A photo of CAPE Holland's vibro lifting tool being used offshore

Van Oord to Use CAPE Holland Tool to Build ‘Most Ecological Offshore Wind Farm Yet’

Dutch provider of foundation installation equipment, CAPE Holland, has signed a contract with its compatriot Van Oord to supply Vibro Lifting Technology (VLT) for the installation of monopiles at Hollandse Kust West Site VI, where the Ecowende consortium will build what Van Oord said was “the most ecological wind farm yet”.

A photo of CAPE Holland's vibro lifting tool being used offshore
Photo courtesy of CAPE Holland

Under the contract, CAPE Holland, a Venterra Group company, will provide its CAPE VLT-640 Quad spread for monopile installation work which Van Oord will be performing using its new installation vessel Boreas, starting next year.

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For CAPE Holland, the contract marks the first large-scale project that will use its CAPE Vibro Lifting Technology, which the company says “will be instrumental in contributing to the ambitious ecological goals that allowed Ecowende to win the tender for the wind farm permit”.

The CAPE VLT-640 Quad spread will help considerably reduce piling noise, compared to traditional installation using only a hammer, according to the company.

The monopiles, which will have a diameter of up to 9.3 metres and weigh nearly 1,500 tonnes, will be driven all the way to final penetration using the CAPE VLT tool, where possible, or secured at their assigned depth using an impact hammer.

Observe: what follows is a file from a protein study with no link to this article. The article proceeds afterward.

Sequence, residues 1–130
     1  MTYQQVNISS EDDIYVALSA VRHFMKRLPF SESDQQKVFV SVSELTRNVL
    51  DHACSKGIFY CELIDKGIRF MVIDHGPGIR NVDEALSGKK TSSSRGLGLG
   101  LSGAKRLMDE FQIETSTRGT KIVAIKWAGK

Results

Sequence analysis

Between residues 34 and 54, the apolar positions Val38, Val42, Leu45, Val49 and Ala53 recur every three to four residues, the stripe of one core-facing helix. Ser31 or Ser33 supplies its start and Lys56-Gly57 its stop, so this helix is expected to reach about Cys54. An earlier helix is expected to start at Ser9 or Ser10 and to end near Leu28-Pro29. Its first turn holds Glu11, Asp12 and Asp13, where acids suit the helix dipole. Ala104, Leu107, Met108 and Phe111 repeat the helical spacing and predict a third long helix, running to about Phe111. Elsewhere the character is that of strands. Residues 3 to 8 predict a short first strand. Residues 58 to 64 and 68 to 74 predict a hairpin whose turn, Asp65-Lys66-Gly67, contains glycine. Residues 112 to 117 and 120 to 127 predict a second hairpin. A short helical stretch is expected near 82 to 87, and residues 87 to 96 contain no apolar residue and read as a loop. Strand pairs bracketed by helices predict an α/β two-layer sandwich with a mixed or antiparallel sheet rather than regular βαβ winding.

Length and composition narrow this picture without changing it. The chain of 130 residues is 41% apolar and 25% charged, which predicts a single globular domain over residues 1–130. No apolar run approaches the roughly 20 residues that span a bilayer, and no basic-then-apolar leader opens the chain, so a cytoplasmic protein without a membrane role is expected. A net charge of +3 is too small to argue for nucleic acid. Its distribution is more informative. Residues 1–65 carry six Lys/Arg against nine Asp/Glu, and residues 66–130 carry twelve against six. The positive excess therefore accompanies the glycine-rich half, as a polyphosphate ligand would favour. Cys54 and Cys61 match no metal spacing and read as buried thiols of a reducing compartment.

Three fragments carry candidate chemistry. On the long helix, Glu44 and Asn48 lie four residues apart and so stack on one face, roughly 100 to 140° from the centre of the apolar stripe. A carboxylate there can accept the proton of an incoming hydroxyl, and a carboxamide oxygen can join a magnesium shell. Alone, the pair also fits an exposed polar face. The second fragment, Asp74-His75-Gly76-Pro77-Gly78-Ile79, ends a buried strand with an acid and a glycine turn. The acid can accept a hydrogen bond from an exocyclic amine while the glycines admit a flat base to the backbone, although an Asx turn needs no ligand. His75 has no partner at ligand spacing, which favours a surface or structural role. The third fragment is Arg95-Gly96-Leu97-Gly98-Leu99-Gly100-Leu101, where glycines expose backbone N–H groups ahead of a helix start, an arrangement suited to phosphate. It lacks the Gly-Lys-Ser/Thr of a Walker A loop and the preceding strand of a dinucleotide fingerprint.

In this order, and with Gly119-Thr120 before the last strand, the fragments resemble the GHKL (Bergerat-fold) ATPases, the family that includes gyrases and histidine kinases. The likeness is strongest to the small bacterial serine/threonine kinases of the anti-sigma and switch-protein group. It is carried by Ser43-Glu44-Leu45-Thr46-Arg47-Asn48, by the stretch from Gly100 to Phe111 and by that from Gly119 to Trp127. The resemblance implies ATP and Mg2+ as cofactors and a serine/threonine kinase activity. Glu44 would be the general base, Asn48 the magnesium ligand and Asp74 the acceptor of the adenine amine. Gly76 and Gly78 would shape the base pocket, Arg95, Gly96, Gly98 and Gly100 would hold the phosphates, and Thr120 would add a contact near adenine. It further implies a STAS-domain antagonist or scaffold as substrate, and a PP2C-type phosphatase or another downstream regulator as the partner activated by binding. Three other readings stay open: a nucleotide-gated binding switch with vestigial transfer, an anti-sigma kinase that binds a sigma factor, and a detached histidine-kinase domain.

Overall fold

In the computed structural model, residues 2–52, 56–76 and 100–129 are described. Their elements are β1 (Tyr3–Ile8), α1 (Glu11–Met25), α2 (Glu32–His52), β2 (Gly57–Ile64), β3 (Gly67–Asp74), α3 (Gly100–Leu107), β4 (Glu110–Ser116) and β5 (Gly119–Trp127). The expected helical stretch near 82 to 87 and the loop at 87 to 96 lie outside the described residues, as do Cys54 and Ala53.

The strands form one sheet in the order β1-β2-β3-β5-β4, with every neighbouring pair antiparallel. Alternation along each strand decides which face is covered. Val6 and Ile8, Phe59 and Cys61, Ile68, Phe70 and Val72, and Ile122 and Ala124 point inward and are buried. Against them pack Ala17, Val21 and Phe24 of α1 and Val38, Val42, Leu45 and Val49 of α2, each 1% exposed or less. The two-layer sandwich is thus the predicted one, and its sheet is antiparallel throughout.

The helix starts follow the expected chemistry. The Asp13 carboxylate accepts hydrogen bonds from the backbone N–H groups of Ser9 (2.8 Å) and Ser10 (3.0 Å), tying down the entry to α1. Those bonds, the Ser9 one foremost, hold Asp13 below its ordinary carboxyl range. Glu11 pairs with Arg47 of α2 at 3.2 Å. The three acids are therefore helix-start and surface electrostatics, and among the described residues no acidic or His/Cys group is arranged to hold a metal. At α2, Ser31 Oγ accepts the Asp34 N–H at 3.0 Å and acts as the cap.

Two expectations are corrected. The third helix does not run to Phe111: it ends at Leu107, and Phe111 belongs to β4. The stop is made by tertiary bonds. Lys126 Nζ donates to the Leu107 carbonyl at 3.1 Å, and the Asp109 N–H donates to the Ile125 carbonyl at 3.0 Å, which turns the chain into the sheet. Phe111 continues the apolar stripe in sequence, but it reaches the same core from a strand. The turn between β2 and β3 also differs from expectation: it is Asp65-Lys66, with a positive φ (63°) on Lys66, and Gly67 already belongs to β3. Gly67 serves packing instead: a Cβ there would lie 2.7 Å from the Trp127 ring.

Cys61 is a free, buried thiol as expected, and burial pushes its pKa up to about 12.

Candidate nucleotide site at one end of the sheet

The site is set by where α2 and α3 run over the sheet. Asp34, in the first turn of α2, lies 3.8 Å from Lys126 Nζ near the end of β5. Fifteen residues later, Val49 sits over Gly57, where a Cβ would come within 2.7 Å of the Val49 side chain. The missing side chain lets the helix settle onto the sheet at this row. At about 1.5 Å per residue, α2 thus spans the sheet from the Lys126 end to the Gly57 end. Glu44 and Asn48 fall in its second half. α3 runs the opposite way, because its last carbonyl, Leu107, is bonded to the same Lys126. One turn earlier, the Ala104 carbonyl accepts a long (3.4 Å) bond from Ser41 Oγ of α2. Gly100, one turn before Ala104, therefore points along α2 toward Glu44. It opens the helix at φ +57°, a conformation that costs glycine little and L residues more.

“I am delighted that after a long period of promoting the Vibro Lifting Technology to the industry, we have been selected for this first large scale implementation of this innovative technique at a Dutch offshore wind farm to use the Vibro Lifting Tool to help reduce the environmental impact during the installation phase,” said Dick van Wijngaarden, Business Development Manager at CAPE Holland.

The CAPE VLT equipment is one of several innovations that will be used in the construction of the 760 MW offshore wind farm that Ecowende, a consortium comprising Shell (60 per cent), Chubu Electric Power (30 per cent) and Eneco (10 per cent), plans to build “in harmony with nature, with minimal impact on birds, bats, and marine mammals”.

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In April this year, Ecowende and the Dutch company GBM Works signed a contract for deploying GBM’s Vibrojet noise reduction technology for the installation of three monopiles at the offshore wind farm.

Ecowende will also implement large-scale mitigation and stimulation ecological measures and an extensive monitoring and research programme above and below the water.

This includes, among other things, building biodegradable reef structures using fruit trees sourced from Dutch fruit farms to offer a place for fish to shelter and reproduce.

At the beginning of 2024, the consortium also teamed up with Robin Radar Systems, MIDO, and DHI to implement a framework for bird and bat monitoring at its offshore wind farms.   

The Ecowende consortium, initially comprising Shell and Eneco, secured the development rights for Hollandse Kust West Site VI in December 2022 and unveiled details of the environmental plans for the 760 MW offshore wind farm last year.

The offshore wind farm will be built approximately 53 kilometres off the coast of IJmuiden and will be able to produce enough electricity to meet around 3 per cent of the current demand for electricity in the Netherlands.

The project, which will comprise 54 wind turbines, is scheduled to become operational in 2026.


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